Would I be overthinking this if I required wireless network SSID's to be random strings?


While doing this may prevent the simply curious, this will in no means deter an interested or determined attacker. Effective security should always put more burden on the attacker than the resource being protected. So let's examine this a bit.

Even if you are in a large multiple story building in the center of a large metropolitan business district (probably the extreme example of "located in a densely populated area with a lot of 'competing' wireless networks"), it would take no more than knowing you were there, a moderate amount of access (for example stairwells typically are easy to access for escape purpose and will suffice for the purpose), a laptop running Linux (or other OS with specific tools available), and 10-20 minutes to figure out which wireless network(s) were yours. Having some other 802.11 tools available and/or more access, it could be done easily in less than 10 minutes.

If you have a guest network that is easily recognizable by visitors, it's possible to determine your networks in less than a minute.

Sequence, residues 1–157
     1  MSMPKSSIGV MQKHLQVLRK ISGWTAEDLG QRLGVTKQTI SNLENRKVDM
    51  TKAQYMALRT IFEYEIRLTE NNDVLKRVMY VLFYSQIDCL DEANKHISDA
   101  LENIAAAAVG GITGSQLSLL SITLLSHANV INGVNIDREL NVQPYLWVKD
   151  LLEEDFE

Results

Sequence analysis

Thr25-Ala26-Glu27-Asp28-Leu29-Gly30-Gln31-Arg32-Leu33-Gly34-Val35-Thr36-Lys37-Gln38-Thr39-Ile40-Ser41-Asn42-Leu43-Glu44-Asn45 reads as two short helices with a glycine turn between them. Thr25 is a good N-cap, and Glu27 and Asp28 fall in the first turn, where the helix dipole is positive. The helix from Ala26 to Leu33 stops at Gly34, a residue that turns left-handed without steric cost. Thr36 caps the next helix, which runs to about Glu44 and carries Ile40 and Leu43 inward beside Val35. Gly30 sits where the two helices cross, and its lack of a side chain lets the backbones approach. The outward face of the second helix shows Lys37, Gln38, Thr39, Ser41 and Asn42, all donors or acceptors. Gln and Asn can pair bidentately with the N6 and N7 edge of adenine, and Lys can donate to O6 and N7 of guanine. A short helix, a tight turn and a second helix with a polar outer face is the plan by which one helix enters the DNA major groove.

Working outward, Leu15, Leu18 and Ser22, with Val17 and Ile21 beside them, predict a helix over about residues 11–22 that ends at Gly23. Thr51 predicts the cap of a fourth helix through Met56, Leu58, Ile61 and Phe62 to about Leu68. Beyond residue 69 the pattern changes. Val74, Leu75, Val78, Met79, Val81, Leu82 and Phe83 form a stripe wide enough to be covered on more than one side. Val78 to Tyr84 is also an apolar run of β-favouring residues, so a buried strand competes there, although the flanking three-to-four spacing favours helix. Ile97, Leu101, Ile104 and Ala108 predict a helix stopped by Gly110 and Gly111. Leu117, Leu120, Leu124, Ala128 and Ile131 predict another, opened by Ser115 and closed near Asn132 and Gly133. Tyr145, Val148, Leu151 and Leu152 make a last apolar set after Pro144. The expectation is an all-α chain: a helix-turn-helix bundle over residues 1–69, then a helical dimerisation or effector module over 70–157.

Now, compare that to the burden put on your users and IT staff. How confusing this would be to them, how many mistakes were made, how many times the questions are asked, etc. Depending on the size of your organization, this would be well over 10-20 minutes per day and would certainly be much more when you first establish this policy (each device would have to be "touched" in some fashion, etc).

This fails the test of effective security and enters the realm of security theater. There is really no security benefit to this type of action.

  • 3
    You drastically underestimate how easy it is to figure out which SSID is from the target company. Even I, firmly in script-kiddy territory as far as skill level, if I have access to any staircase or hallway on your floor, or the floor above or below, and know roughly what part of what floor you're on (usually shown on a sign in the lobby), can trivially find your obfuscated SSID in way less than 10 minutes (excluding travel time to your floor from the ground) with a smartphone app, and staring at a phone while pacing the hall is way less suspicious-looking than having a laptop open. Commented Jan 31, 2020 at 19:08
  • @MatthewNajmon, this may be more difficult than you think depending on how big the organization is, how many tenants per floor, the floor layout and the location of the stairwells. Finding the SSIDs is no problem, positively identifying which SSIDs are with which company can take a bit more time. And as a network engineer with 20+ years of experience, a great deal of experience with wireless tracking and wireless in general who has done this multiple times before, I gave a very solid conservative estimate. Can it be done faster, certainly, but I can do it in 10-20 minutes in the worst case.